Is it Okay to Leave Your Kids Alone in the Car While You Run In Somewhere?

Thank you to Lenore Skenazy, author of the book and blog Free Range Kids, for this guest post.

A Suburban Crime Wave

One mother is hauled off to the police station. Another is clapped in handcuffs. The mothers’ offenses? They let their kids wait in the car while they ran a quick errand.

Yes, these moms did just what yours probably did back when you were a kid. That age-old practice has been criminalized in 19 states in recent years, thanks to a world that seems increasingly unable to distinguish between negligence and normal parenting.

The laws differ in their particulars, but basically they state that a child under age 6, 7 or, in Utah, 9, cannot be left alone in the car for more than 5 or 10 minutes. In Nebraska, having your 6-year-old wait in the car is an offense in the same category as allowing the child to be “deprived of necessary food” or “sexually exploited.” In Louisiana, a second kid-in-car infraction carries a sentence of not less than one year in prison, “with or without hard labor.” That’ll certainly make the kids safer—having mom or dad off breaking rocks in prison.

The impulse behind these laws is not evil, just excessive. Many people and politicians—I suppose the categories overlap—believe that whenever children are left alone in a car they could easily die of heat exhaustion or be kidnapped.

While the kidnapping fear is beyond absurd (doubters, please look up the stats), the heatstroke fear is based on the fact that cars do get hot. Just not in the time it takes to buy a gallon of milk. A San Francisco State University study showed a car’s interior heating up 43 degrees in an hour. A less alarming study by the Animal Protection Institute showed temperatures 10 degrees hotter inside than outside after five hours. Either way, each year about 40 children die of hyperthermia in automobiles.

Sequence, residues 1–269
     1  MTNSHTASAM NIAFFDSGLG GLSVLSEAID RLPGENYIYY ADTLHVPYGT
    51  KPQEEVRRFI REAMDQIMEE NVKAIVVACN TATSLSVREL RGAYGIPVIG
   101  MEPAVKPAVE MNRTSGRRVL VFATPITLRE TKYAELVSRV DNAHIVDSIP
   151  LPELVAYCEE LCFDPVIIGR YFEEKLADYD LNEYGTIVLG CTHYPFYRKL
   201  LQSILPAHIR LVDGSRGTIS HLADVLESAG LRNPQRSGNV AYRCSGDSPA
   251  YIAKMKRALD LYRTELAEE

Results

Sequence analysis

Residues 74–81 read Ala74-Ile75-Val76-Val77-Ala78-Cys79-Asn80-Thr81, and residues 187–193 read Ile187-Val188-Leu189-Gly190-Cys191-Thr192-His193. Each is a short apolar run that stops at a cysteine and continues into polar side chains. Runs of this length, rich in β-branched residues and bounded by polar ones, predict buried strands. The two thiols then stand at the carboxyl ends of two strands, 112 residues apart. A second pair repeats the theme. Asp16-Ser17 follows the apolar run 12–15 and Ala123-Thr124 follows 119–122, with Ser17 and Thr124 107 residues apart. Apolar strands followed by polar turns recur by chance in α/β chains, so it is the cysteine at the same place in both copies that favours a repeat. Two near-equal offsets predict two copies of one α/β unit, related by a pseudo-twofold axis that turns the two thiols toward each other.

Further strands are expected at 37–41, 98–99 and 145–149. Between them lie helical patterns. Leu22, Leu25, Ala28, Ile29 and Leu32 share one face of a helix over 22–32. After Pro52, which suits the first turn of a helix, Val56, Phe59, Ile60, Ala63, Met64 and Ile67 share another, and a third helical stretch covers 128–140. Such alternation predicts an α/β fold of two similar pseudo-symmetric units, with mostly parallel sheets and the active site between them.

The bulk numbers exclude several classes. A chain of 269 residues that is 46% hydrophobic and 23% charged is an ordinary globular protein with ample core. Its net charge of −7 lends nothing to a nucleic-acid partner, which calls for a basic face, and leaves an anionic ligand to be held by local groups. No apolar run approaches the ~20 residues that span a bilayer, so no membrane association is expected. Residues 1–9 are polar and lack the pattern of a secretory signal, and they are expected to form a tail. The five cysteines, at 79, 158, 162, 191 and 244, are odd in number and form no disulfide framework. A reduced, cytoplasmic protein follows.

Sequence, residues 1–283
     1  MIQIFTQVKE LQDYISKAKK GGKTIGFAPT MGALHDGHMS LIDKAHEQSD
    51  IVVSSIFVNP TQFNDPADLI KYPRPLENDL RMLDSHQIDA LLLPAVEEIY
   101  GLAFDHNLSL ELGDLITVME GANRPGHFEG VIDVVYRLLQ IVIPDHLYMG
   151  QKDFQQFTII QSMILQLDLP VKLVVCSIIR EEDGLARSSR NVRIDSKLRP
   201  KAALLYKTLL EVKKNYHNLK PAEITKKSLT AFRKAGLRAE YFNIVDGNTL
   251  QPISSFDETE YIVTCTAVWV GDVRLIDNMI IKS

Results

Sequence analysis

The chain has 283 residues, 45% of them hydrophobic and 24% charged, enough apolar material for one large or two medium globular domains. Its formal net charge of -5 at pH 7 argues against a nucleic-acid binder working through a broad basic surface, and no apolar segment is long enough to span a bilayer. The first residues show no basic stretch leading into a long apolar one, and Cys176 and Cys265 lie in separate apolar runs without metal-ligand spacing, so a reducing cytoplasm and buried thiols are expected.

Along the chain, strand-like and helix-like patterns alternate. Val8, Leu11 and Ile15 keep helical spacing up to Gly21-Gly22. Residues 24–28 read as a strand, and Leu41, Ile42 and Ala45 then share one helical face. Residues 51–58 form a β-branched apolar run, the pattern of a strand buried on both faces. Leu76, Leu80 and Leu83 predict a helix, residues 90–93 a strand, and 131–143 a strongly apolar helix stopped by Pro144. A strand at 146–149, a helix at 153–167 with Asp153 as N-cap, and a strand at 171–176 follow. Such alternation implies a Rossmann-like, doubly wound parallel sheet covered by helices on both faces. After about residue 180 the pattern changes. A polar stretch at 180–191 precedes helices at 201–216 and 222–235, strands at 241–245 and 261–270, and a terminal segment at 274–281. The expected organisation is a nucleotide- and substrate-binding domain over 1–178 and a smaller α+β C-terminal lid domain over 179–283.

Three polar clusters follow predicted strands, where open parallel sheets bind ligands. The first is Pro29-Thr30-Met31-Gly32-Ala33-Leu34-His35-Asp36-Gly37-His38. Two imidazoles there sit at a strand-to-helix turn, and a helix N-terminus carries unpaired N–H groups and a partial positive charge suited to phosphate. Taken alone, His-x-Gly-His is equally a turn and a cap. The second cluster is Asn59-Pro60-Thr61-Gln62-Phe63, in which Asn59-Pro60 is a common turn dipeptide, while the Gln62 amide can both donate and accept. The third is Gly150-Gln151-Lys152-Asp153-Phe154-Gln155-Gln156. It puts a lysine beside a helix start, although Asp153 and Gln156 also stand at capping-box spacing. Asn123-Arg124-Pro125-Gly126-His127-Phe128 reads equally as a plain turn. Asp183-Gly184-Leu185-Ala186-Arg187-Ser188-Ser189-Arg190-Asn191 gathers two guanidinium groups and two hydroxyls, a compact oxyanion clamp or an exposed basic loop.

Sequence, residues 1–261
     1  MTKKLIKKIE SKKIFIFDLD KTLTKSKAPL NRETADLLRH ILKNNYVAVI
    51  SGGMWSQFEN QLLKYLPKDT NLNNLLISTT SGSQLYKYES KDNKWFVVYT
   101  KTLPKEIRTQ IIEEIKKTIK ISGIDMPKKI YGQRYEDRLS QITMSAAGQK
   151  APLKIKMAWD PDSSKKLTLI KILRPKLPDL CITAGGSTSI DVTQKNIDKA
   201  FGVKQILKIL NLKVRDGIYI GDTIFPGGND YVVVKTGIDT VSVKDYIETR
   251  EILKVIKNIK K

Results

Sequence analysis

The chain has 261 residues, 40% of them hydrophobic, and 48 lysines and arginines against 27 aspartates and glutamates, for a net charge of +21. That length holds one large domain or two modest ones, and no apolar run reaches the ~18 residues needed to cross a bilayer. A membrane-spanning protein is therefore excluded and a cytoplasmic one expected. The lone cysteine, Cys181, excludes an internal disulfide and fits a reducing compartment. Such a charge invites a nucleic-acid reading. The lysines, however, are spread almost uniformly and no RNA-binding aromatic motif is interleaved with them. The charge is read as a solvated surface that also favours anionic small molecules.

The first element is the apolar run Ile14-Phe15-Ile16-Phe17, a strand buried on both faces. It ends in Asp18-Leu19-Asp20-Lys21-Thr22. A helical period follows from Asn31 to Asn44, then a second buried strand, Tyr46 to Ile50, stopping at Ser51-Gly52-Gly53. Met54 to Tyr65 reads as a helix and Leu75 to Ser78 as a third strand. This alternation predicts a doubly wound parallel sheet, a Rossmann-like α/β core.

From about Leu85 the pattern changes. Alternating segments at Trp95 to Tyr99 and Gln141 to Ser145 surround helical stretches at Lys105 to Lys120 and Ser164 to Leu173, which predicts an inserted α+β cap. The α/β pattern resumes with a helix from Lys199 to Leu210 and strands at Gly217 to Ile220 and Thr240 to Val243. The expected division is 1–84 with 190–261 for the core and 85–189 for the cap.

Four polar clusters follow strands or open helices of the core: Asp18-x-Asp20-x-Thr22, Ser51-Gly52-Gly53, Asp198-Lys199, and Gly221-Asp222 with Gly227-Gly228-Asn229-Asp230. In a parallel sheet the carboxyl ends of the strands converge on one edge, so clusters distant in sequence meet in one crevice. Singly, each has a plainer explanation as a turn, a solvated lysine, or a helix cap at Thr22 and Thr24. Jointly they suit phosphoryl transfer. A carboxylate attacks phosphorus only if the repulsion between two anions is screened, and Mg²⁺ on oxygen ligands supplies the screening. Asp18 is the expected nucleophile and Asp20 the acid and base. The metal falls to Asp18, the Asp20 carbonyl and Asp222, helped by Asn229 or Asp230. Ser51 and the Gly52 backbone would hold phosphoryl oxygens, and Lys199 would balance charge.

But according to a group that tracks these statistics, (“Love Them, Protect Them”), the overwhelming majority were either forgotten in the car for hours (54%) or climbed into an empty vehicle without anyone’s knowledge and got stuck (31%). This, in a country with 32 million children under the age of 8 taking billions of car trips annually. Any child’s death is a terrible tragedy. But the reflexive call to 911 the minute a child is spied alone in a car is lunacy. Why not wait a minute to see if the parent comes back?

At my blog, Free-Range Kids, I have heard over the past few years, almost monthly, from bewildered parents who have found themselves being treated like criminals. I won’t use their names because, well, they were humiliated (if you think most mug shots look bad, try one of a mother freshly dragged away from her children).

A typical story is the one I heard about from a mother of two who lives in a small town near Utica, N.Y. Last summer, on a 69-degree night, she ran into a grocery store to get some chicken breasts at 6:54(she had just spoken to her husband on her cellphone). In the car she left her 5-year-old girl and 6-month old boy, who was asleep.

At 7:03 (it’s on record) a passerby called 911. Then he pulled a truck behind her car so she couldn’t drive away—which she dearly wanted to do when she emerged from the store moments later. Instead, she had to wait for the police.

The officer, rather than informing the busybody stranger that he shouldn’t prevent the free movement of citizens, told the mother that she was in big trouble. He searched her purse for dangerous objects. Then she had to call her parents to come get the kids, because the cop was taking her to the police station. Her daughter cried as she left.

After that? Three visits from child-protective services to her home. The workers found nothing amiss, but “they have told me if it ever happens again, they will move the courts to have my children placed in foster care,” she said.

Then there was the Oregon mother who realized that she had forgotten to pack her daughter’s life vest as they were leaving for a day at a lake. She parked the car and ran in to retrieve the life vest because—irony alert—she is such a responsible mom. In the couple of minutes she was gone, a police officer noticed the car. She said she was handcuffed, searched, photographed and investigated by child-protective services. But at least she didn’t end up in jail.

Is it really safer to drag kids out of a car, across a busy parking lot, or alongside the street as you rush back home for a kid-sized life vest? The law says yes. Common sense says no. These laws are making criminals out of ordinary people doing ordinary activities that have an infinitesimal chance of ending badly. Except, that is, for the parents.

Lenore Skenazy is the author of Free-Range Kids and TV host of “World’s Worst Mom” on Discovery/TLC International. Her website is Originally published in the Wall Street Journal, July 1, 2013. Originally published on Mothering in March 2014. Photo credit: Getty Images